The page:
At Lanesboro Correctional Institution, one of North Carolina’s most dangerous prisons, inmates frequently used knives to attack each other.
Officials there often failed to find the weapons and rarely referred the attackers for criminal prosecution.
Those were among the arguments made Monday during the opening day of a federal trial that will examine key questions: Did Lanesboro’s top official ignore problems at the maximum security state prison? And did he allow one of his managers to maintain a “violent, contraband-driven fiefdom”?
In its defense, the state denies that Lawrence Parsons, Lanesboro’s former top official, “enabled and permitted a culture of violence.” Parsons acted reasonably to protect inmates, the state says.
Taking the stand at Charlotte’s federal courthouse Monday, Parsons acknowledged that his staff sometimes did not refer assaults to prosecutors. The local District Attorney’s office had notified prison officials that they would not prosecute inmates who assaulted other inmates unless the injuries resulted in outside medical care, he said.
Located about 45 miles southeast of Charlotte, Lanesboro will soon be converted to a women’s prison - a major change that state leaders hope will improve safety and security.
An investigation by The Charlotte Observer last year found that state prison policies and management failures allow corruption and violence to thrive.
A video taken inside Lanesboro in 2012 - and obtained by the Observer - shows former unit manager Jeffery Wall met with gang members just minutes before those inmates became involved in a fatal attack. Hours after the murder, video also shows Wall gesturing to the killer. To investigators and the killer’s lawyers, his meaning seemed clear: Keep your mouth shut.
Later, investigators found bloody weapons in the ceiling of Wall’s old office.
In a court filing, Wall said he never facilitated attacks.
The lawsuit being litigated this week was brought by Stacey Wynn, an inmate who suffered serious injuries following two November 2011 assaults at Lanesboro. Wynn, who is serving a life sentence following a 2008 murder conviction, was permanently disabled after one of the attacks, his lawyers say.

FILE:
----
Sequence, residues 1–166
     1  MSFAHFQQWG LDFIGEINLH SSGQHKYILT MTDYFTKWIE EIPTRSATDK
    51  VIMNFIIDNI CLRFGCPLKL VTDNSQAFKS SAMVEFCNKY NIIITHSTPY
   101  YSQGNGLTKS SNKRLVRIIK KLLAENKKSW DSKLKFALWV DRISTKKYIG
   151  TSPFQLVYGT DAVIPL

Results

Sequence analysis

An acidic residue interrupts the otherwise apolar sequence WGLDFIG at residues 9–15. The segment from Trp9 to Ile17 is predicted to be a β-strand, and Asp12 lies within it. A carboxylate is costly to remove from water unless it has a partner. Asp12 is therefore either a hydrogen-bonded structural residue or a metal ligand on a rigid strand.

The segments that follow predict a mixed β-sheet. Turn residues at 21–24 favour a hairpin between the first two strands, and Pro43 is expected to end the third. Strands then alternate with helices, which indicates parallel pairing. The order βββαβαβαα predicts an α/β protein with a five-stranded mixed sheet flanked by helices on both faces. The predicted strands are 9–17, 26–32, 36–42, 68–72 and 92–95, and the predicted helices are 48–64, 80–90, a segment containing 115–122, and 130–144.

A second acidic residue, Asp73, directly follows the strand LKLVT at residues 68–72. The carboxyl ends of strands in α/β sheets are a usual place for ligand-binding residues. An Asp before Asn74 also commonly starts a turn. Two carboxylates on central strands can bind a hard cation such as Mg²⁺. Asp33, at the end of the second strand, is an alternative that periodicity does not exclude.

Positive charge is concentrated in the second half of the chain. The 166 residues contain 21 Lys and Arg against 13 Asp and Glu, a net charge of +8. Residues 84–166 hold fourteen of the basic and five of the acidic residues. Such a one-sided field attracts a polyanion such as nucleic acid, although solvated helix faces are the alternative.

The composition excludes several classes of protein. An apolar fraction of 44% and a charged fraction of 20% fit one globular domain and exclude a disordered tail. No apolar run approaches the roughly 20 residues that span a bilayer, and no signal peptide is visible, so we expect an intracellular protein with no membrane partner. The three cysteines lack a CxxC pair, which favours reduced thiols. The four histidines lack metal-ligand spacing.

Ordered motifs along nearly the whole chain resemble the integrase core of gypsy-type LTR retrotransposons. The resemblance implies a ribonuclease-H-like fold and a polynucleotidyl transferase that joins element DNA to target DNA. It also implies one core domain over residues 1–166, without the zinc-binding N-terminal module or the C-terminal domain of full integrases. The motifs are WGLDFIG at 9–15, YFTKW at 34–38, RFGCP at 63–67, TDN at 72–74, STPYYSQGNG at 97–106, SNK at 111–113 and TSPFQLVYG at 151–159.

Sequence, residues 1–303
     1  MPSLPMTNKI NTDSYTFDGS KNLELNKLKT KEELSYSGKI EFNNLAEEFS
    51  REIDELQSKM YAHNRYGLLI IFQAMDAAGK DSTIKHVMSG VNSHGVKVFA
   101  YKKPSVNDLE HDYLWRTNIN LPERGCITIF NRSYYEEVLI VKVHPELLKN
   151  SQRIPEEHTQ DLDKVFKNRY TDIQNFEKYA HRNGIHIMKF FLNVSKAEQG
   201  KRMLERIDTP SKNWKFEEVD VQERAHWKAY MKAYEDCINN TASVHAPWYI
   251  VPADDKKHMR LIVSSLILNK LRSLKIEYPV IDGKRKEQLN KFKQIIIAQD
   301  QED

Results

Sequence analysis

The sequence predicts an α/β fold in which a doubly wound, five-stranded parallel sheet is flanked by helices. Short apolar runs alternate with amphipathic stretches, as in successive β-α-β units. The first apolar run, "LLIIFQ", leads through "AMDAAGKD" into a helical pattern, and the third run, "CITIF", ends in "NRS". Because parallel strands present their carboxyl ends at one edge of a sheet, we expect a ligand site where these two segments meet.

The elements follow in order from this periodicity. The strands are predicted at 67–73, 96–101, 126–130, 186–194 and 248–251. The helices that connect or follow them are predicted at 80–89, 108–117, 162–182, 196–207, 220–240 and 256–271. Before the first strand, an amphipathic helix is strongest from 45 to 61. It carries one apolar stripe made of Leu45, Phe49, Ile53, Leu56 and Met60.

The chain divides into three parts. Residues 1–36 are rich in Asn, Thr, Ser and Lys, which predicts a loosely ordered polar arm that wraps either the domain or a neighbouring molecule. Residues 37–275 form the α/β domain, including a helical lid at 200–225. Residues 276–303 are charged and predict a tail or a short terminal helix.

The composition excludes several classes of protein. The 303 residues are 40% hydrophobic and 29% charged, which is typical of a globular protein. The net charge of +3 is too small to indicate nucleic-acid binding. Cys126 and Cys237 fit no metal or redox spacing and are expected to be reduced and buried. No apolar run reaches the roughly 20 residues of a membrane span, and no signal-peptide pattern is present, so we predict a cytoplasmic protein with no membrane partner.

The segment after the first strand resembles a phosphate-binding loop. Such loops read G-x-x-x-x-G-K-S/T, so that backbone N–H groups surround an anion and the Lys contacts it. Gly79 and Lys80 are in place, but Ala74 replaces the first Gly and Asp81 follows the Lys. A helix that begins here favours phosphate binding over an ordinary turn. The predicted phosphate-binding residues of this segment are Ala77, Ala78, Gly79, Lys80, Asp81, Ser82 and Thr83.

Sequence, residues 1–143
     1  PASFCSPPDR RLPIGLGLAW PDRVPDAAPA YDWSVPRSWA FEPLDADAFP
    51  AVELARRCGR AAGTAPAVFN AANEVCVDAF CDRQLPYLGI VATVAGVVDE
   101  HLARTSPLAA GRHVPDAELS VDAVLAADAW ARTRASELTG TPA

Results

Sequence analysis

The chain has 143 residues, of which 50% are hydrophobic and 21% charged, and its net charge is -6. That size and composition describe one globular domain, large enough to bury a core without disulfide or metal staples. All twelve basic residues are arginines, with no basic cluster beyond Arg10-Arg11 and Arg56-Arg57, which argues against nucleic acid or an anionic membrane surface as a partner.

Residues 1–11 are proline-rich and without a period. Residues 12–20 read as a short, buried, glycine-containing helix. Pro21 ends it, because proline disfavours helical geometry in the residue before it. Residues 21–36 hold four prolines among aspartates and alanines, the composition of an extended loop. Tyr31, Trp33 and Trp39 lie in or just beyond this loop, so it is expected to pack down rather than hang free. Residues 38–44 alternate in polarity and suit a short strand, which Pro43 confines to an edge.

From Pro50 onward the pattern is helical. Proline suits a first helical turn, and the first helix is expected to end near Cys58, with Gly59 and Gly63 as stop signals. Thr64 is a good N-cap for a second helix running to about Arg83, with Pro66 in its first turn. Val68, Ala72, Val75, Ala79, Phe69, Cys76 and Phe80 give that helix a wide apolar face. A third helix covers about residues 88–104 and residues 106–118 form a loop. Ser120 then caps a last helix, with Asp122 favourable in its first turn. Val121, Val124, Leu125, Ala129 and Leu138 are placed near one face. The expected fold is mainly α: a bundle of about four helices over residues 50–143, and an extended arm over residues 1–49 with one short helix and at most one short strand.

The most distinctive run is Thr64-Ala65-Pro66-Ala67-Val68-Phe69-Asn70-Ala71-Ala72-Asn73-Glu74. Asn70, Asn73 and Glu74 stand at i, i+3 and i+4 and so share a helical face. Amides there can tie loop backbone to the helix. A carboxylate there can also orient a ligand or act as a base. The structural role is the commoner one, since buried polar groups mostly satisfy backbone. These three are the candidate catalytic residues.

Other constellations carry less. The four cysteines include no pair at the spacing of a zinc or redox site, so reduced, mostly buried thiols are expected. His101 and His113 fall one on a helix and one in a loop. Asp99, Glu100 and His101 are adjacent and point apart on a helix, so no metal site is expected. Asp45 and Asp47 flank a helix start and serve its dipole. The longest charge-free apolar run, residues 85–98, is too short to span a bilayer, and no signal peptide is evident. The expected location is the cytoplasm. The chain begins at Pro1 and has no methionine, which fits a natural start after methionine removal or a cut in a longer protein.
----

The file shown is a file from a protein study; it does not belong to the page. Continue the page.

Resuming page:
Wynn alleges that another inmate stabbed him in the chest with a weapon resembling a filet knife, then threw a chair at him. It wasn’t until six months after the attack - after he was transferred to another prison - that Wynn got treatment for a torn rotator cuff suffered in the fight, his lawyers say.
Wynn alleges that Parsons was “willfully and deliberately indifferent” to his safety, in violation of his Constitutional right to protection from cruel and unusual punishment. In court documents, Parsons has denied that.
In his lawsuit, Wynn alleges that Wall “deliberately fostered gang violence” in the unit he was charged with overseeing, and that his staff opened secured doors to let gang members into other housing areas “to commit acts of retributive violence.”
Wynn also contends that Parsons knew of many of the problems but “did nothing with that information.”
Parsons has denied the allegations.
On Monday, Wynn’s attorneys questioned Parsons about whether his staff took sufficient steps to find weapons - and why prison officials rarely referred such cases for criminal prosecution.
“That created a perverse incentive that didn’t deter inmate-on-inmate attacks,” argued Scott Holmes, one of Wynn’s attorneys.
The lawyers showed the jury prison surveillance video of the attack on Wynn, pointing out that one inmate appeared to pick up something after the assault - possibly a weapon. But a prison report on the incident says no weapon was found.
Parsons told the jury his staff “searched diligently” for weapons after fights, but acknowledged that they did not always find them.
Asked why his staff didn’t search every inmate in a housing dorm after weapons went missing, Parsons said the prison did not have sufficient staff to do so.
“There’s no way to shake down a whole wing,” he said.